From childhood you’ve been named and renamed.
You were named by your parents. Given nicknames by friends, family, and enemies. Some described how you rocked the socks off of people. Others had far more cynical meanings.
Names have power. They communicate who or what we are. The names you’re called can even affect the way you view yourself.
You know how hard it is to feel like an extreme falcon-headed combat machine when somebody calls you “Chicken Man”?
— Rick Riordan
I think back to my childhood and the names I’ve been called. Some of my names were great.
Joey, son, brother, comic, friend, smarty pants, love… The list goes on.
Other names stung.
Smart aleck, jolly green a**hole (yes, a schoolmate actually called me this because I was tall and jolly), nerd, geek.
As you can imagine, I didn’t like having this last list of names. They framed me in a negative light. They were meant to bring me down.
Thinking about those names makes me think of what I call myself now. Of what I’ve named myself.
Writer, husband, failure, freak, computer guru, techie, screw-up.
All names I’ve willingly named myself. All labels and weights I’ve put on myself. Not all of them true.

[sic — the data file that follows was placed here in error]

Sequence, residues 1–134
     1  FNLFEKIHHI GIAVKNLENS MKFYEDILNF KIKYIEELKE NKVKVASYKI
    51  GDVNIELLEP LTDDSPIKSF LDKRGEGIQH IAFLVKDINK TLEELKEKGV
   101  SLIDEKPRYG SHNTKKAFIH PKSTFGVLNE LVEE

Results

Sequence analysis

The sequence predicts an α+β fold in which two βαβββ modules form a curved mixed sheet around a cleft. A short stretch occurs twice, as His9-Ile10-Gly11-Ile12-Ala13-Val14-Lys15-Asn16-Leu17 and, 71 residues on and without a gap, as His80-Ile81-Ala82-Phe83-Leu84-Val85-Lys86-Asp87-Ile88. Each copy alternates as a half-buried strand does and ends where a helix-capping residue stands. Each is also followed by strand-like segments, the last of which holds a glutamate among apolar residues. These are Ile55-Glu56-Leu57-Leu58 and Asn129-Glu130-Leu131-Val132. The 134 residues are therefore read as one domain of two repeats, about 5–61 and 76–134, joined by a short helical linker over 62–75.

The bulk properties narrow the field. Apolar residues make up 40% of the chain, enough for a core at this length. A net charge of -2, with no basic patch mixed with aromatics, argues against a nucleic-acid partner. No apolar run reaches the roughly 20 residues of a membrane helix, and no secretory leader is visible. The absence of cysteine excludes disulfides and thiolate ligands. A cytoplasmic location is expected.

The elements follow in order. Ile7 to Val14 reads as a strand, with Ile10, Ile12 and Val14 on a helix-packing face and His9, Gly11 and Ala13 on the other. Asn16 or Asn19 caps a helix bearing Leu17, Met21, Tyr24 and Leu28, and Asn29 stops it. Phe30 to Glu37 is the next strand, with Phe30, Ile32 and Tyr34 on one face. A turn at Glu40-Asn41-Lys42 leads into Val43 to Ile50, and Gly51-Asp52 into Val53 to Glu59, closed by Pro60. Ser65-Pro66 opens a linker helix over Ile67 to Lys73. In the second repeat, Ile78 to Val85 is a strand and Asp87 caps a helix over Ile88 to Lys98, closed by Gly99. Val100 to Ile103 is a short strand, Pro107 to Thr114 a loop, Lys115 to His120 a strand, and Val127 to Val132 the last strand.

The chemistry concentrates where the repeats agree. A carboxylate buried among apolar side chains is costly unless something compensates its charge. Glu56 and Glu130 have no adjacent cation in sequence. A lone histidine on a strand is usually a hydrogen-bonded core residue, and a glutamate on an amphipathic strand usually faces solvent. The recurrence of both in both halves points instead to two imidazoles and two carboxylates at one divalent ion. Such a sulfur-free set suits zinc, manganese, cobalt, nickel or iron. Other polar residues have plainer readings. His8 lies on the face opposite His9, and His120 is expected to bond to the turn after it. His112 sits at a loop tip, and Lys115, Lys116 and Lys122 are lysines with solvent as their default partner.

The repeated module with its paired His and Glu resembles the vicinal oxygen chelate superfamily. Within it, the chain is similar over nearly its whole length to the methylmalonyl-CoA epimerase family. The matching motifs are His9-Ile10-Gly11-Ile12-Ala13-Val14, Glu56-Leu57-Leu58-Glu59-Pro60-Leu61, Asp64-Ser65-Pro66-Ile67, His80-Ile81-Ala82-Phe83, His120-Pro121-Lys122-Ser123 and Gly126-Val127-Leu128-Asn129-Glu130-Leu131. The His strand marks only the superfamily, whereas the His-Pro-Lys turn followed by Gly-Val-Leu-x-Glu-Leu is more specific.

The name of a man is a numbing blow from which he never recovers.
— Marshall McLuhan
If you’re anything like me, you’ve done the same.
When we give ourselves names, we begin to create a description of ourselves. If the description is negative, our actions can begin to reflect the name.
We tell ourselves that we’re not so and so. Or that we can’t do what they did. We make ourselves small. Like this boat named Not A Yot (Not A Yacht)
Looking at Not A Yot, you can see the boat is looking a little rough. It’s been neglected and not well cared for.
If it was a yacht, you can bet your socks that the owner would take better care of the boat.
Here’s another boat:
Imagine having that name!
You can see the owner has taken better care of this boat. It looks like he loves it.He takes care of it. He uses it with tenderness.
Stop giving yourself names that make you feel less than what you are. Give yourself a name that describes who you’re becoming.
Are you a/an:
- loving husband
- caring father
- (fill in the blank)
Whatever you are, are you calling yourself by that name? If not it is time to change.
Begin calling yourself by the name you want to be called by. As you do, you’ll begin to take the steps to make that name a reality.
Names are not always what they seem.
— Mark Twain
Question: What name do you want to be called by? Please share your thoughts in the comment section below.
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